Every October, Americans take a day off in commemoration of a slave-wrangler, a man who governed by greed and oversaw genocide. They also celebrate a bold explorer, a man who risked everything and sailed across an ocean to "discover" a New World. The holiday, of course, celebrates the same man: Christopher Columbus. But as historians have revealed ugly truths about the explorer and his atrocious treatment of native populations, Americans have developed a schizophrenic relationship with Columbus Day.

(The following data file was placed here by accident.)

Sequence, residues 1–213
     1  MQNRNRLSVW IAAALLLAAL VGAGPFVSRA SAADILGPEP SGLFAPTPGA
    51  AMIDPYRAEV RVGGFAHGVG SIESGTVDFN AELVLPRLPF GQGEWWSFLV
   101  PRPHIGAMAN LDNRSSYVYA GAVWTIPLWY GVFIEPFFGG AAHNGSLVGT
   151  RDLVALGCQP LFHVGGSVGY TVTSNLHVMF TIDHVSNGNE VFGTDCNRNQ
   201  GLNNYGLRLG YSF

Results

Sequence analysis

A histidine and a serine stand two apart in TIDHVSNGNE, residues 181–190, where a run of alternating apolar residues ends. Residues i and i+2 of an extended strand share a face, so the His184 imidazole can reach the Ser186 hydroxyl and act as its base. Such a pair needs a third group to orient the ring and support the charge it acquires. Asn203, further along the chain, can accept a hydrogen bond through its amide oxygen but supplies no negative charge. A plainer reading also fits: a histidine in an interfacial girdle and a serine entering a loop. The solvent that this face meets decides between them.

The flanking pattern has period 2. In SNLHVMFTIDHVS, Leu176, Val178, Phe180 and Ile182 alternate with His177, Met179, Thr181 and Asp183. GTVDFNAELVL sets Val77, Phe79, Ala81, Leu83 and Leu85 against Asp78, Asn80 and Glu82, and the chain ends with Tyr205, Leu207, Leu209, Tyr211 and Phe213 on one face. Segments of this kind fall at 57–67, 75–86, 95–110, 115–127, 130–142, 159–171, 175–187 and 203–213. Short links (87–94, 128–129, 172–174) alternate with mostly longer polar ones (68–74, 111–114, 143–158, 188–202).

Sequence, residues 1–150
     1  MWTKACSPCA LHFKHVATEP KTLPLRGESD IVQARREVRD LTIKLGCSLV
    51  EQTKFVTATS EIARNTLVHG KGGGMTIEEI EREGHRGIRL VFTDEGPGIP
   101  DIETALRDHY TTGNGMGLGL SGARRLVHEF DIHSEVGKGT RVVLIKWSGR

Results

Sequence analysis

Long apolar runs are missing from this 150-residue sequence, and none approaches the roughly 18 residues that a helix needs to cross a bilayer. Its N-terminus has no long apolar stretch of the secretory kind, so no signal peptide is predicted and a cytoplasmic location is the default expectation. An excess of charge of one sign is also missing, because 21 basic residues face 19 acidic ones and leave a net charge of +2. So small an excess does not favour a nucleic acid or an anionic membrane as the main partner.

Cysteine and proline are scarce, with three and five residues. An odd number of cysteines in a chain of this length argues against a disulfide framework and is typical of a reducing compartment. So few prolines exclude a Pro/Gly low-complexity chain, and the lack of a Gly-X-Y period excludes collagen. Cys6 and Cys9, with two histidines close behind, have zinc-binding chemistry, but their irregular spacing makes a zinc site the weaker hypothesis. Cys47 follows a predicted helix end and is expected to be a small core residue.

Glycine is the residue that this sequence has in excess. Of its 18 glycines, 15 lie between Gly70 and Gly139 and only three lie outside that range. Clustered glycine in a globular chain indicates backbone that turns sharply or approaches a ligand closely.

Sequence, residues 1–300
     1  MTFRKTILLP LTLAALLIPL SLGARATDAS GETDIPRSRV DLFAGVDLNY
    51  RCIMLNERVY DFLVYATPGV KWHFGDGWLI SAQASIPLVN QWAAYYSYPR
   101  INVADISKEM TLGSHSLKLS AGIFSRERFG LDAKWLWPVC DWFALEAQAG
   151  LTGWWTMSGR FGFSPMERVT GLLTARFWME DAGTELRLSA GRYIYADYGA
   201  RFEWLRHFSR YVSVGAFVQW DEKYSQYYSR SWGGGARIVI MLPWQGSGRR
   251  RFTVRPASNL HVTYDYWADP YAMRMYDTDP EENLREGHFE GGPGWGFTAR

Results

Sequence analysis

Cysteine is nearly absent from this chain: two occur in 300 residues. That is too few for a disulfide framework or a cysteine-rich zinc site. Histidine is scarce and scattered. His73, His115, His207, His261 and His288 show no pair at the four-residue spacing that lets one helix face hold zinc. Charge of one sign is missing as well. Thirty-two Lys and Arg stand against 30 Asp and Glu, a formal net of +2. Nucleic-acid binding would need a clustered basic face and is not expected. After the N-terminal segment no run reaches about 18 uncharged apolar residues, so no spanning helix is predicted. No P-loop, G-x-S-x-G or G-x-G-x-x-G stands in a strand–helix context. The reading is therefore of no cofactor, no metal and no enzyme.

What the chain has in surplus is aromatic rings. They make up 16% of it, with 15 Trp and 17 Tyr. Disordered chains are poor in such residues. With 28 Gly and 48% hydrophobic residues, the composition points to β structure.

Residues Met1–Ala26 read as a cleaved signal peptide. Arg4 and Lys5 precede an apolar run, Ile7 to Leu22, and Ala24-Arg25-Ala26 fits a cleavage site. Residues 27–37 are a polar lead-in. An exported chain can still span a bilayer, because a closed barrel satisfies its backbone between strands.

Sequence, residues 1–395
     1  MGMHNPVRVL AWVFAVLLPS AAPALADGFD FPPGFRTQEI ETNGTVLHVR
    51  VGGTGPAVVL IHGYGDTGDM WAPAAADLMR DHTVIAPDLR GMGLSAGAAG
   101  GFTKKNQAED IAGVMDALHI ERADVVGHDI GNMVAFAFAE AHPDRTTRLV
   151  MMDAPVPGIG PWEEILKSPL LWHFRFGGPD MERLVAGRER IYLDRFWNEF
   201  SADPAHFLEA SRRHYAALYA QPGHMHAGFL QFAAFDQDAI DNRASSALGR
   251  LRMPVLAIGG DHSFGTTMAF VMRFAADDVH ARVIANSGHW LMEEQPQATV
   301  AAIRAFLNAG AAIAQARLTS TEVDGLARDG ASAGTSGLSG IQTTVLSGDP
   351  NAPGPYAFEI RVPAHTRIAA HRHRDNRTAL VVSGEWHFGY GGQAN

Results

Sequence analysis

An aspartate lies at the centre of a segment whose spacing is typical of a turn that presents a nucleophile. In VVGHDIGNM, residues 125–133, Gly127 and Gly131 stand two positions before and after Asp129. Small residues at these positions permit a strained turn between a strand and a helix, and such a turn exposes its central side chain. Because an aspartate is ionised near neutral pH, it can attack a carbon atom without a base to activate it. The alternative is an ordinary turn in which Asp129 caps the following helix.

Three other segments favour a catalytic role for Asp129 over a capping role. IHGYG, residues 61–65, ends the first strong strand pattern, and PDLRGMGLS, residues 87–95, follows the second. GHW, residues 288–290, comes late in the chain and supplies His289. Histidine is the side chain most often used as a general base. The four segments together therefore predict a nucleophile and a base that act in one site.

Maggie Koerth-Baker sees the logic of the new name:
The ancestors of Native Hawaiians were explorers who crossed the ocean. The ancestors of Native Americans explored their way across the Bering land bridge and then explored two whole continents. If you look at the history of America, you can see a history of exploration done by many different people, from many different backgrounds. Sometimes we're talking about literal, physical exploration. Other times, the exploring is done in a lab. Or in space. But the point is clear: This country was built on explorers. And it needs explorers for the future.